Avoid These Snacking Mistakes That Can Make You Gain Weight
There probably won’t ever be a consensus on whether it’s better to snack between meals or stick to eating three times per day to best manage weight. Even scientific studies can’t come to an agreement. Some have shown incorporating a few mini meals into the day can help shed pounds while others have demonstrated the opposite. No wonder we’re all so confused.
Here are the snacking mistakes you could be making.
1. Choosing the wrong foods
What do chocolate chip cookies, potato chips, trail mix, and an apple have in common? They’re all considered fair game for snacking. The term doesn’t really have any requirements as far as nutritional standards, so it’s easy to grab whatever sounds good when you start feeling peckish.
Instead of reaching for whatever food sounds tastiest, think about what ingredients will keep you most satisfied. Ideally, it should be something that gives you a balance of protein, fiber, and healthy fat. If you’re a kitchen pro, try whipping up one of these healthy recipes. Even certain packaged foods can work in a pinch.
2. Chowing down at night
Though the findings on snacking in general remain inconclusive, the impact of late night eating is quite clear. More and more researchers are coming to the same conclusion: Eating late in the evening is bad news for your waistline. One example was published in The American Journal of Clinical Nutrition, which found nighttime eaters gained nearly 10 pounds more than those who didn’t chow down after hours over the course of the study.
3. Eating when you aren’t actually hungry
Most of us eat because of what the clock says rather than what our bodies are telling us. It makes sense for bigger meals, particularly if you’re dining with others, but there’s no reason to eat your mid-afternoon granola bar if you don’t feel hungry. Maintaining a regular schedule is barely scratching the surface, though. People often start noshing out of boredom, because food is presented to them, or as a way to cope with intense feelings.
Emotional eating is probably the biggest one, especially when it’s related to stress. Harvard Health Publications explains anxiety often leads people to consume foods high in sugar and fat, which can wreak havoc on your waist. If you’re going through a rough patch or have a big presentation coming up, try engaging in a stress-relieving workout.
4. Letting yourself become dehydrated
Say you feel famished at 10:30 a.m. and know you can’t possibly make it to lunch. Before reaching for something to eat, try drinking a full glass of water first. Many of us walk around chronically dehydrated and don’t realize our bodies are crying out for water when we feel peckish. One study even reported participants responded inappropriately to their combined feelings of hunger and thirst 62% of the time.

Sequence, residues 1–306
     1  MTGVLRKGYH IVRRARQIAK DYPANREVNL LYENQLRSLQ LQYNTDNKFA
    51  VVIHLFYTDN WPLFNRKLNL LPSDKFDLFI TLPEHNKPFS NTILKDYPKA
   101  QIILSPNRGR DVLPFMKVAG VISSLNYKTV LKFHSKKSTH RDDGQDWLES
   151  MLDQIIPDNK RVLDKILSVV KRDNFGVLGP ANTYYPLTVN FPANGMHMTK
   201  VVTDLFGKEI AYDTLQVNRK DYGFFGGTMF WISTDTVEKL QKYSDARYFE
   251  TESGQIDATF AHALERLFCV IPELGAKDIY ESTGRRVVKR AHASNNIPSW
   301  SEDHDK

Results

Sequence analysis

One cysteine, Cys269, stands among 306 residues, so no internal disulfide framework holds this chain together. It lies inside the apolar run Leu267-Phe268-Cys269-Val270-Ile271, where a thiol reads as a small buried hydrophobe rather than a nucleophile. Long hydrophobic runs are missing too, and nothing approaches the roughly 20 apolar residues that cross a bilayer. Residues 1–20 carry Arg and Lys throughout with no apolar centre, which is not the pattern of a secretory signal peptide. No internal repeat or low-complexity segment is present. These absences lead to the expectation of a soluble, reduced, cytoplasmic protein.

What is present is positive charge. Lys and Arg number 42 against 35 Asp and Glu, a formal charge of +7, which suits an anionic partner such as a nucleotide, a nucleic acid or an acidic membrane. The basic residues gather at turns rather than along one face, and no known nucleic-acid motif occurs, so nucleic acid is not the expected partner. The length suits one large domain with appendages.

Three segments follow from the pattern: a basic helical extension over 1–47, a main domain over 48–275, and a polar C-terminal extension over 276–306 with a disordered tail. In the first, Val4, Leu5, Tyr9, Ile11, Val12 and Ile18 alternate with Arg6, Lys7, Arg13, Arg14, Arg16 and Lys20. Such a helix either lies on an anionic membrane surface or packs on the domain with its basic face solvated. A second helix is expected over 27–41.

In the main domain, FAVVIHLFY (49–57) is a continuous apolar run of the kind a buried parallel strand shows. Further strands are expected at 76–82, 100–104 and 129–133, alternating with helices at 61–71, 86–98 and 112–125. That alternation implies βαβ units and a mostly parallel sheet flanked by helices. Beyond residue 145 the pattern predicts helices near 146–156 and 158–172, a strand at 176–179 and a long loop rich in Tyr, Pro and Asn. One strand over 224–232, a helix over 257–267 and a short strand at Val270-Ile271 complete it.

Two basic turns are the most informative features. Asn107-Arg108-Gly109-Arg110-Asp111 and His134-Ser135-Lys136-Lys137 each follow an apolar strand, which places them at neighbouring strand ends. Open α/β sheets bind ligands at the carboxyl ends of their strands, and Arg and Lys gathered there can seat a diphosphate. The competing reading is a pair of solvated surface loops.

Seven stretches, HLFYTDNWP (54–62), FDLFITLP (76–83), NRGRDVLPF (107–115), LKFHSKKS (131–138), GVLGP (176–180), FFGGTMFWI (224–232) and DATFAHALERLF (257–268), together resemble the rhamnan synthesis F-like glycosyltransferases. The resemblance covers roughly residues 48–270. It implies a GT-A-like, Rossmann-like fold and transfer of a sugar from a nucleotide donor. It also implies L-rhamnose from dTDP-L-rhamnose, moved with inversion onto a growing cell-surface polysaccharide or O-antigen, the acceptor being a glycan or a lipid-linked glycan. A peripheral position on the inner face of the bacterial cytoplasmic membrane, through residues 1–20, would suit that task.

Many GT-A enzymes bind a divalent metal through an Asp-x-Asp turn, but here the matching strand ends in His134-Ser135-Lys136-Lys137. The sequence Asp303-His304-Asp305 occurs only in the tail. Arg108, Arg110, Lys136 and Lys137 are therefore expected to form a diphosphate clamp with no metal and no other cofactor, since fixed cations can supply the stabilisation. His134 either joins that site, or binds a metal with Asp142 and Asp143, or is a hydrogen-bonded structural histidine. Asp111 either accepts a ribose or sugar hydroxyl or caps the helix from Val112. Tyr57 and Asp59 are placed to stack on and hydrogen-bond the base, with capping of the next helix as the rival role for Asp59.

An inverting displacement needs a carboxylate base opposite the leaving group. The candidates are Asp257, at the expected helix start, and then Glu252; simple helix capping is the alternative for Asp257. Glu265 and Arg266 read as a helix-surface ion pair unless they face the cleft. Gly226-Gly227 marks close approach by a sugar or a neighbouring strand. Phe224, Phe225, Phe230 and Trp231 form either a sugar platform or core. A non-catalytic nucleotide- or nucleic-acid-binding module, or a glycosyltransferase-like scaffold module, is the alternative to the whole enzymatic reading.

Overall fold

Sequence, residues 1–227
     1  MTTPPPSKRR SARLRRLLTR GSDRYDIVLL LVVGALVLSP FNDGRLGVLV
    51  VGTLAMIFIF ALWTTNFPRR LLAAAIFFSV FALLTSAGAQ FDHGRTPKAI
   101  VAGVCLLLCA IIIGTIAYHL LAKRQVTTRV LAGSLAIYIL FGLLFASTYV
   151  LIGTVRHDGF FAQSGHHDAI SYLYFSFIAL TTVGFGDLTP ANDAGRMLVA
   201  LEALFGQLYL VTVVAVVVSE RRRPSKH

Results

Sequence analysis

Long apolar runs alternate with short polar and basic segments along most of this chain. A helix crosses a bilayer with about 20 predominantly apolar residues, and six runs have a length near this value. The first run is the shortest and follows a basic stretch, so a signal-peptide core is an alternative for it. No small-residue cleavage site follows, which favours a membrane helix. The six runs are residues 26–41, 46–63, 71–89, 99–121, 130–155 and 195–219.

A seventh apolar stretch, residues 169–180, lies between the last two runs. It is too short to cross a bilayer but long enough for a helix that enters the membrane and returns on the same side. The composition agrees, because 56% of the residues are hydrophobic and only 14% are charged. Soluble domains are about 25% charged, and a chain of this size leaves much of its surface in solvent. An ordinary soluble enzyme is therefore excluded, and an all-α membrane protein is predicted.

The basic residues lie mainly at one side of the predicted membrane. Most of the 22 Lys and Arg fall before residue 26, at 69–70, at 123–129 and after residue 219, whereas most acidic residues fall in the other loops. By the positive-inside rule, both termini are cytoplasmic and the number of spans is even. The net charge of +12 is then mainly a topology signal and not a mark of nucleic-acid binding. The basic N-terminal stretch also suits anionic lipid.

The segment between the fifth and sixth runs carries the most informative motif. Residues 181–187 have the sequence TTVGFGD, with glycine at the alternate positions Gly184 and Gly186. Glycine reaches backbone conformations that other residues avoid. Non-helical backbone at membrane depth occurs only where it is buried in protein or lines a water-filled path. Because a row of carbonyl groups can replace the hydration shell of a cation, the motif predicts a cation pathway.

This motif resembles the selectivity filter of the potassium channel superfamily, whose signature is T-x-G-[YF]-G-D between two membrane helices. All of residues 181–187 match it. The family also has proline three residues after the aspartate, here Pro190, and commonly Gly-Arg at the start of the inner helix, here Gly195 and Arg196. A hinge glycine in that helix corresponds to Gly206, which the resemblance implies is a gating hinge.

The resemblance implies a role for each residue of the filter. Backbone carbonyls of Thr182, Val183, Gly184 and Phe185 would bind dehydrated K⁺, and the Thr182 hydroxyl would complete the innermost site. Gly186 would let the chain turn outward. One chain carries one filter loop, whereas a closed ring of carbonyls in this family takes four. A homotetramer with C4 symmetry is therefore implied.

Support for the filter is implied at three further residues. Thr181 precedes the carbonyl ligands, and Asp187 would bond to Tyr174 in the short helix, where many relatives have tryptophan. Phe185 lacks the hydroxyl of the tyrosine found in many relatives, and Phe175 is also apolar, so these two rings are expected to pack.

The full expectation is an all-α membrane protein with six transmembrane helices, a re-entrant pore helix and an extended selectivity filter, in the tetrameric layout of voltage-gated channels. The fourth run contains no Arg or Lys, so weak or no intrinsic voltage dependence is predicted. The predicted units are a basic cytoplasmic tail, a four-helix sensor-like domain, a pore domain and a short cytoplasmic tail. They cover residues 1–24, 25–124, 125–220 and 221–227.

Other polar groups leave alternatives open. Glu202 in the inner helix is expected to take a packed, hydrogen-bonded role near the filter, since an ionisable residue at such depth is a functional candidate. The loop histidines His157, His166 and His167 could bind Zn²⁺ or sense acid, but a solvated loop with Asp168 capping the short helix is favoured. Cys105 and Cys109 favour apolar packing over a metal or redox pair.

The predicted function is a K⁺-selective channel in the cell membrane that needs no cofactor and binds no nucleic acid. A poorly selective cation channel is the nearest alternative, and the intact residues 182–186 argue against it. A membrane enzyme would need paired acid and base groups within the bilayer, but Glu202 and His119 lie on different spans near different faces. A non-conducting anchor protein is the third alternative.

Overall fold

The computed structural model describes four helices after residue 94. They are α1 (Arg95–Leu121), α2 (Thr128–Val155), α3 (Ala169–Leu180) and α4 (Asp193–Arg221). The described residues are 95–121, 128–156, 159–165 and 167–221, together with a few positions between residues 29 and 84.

If you make it a habit to regularly drink water during the day, you could avoid the hunger issue altogether. If water’s not your thing, try tea. Just be wary of beverages with a lot of sugar because you’ll end up consuming as many calories as if you’d eaten.
5. Eating too much
What starts as a snack can quickly turn into a full-fledged meal if you aren’t careful. Eating from open containers often leads to this problem because it’s hard to tell just how much you’ve consumed. Take almonds, for example. Most nutritionists recommend about ¼ cup for a snack, which provides 170 calories and 15 grams of fat. Eating out of the package might prompt you to eat three times that amount, which is basically a meal at 510 calories and 45 grams of fat.
6. Going all snacks all the time
According to data from the National Health and Nutrition Examination Survey, American adults get about 24% of their daily calories from snacks. This seems pretty reasonable, but the same report indicated overweight individuals have much greater snacking tendencies, consuming 40% of their daily calories from these mini meals. So it seems the problem is turning the day into a nonstop eating spree.
7. It’s all liquid
Some people like a mid-afternoon treat in the form of a juice or coffee drink. Sounds harmless enough, until you realize how many calories you’re quaffing. A 16-ounce vanilla latte made with whole milk is 290 calories, and most of that comes from sugar and fat. Though juices made with fruits and vegetables will certainly provide key nutrients, they’re still high in sugar.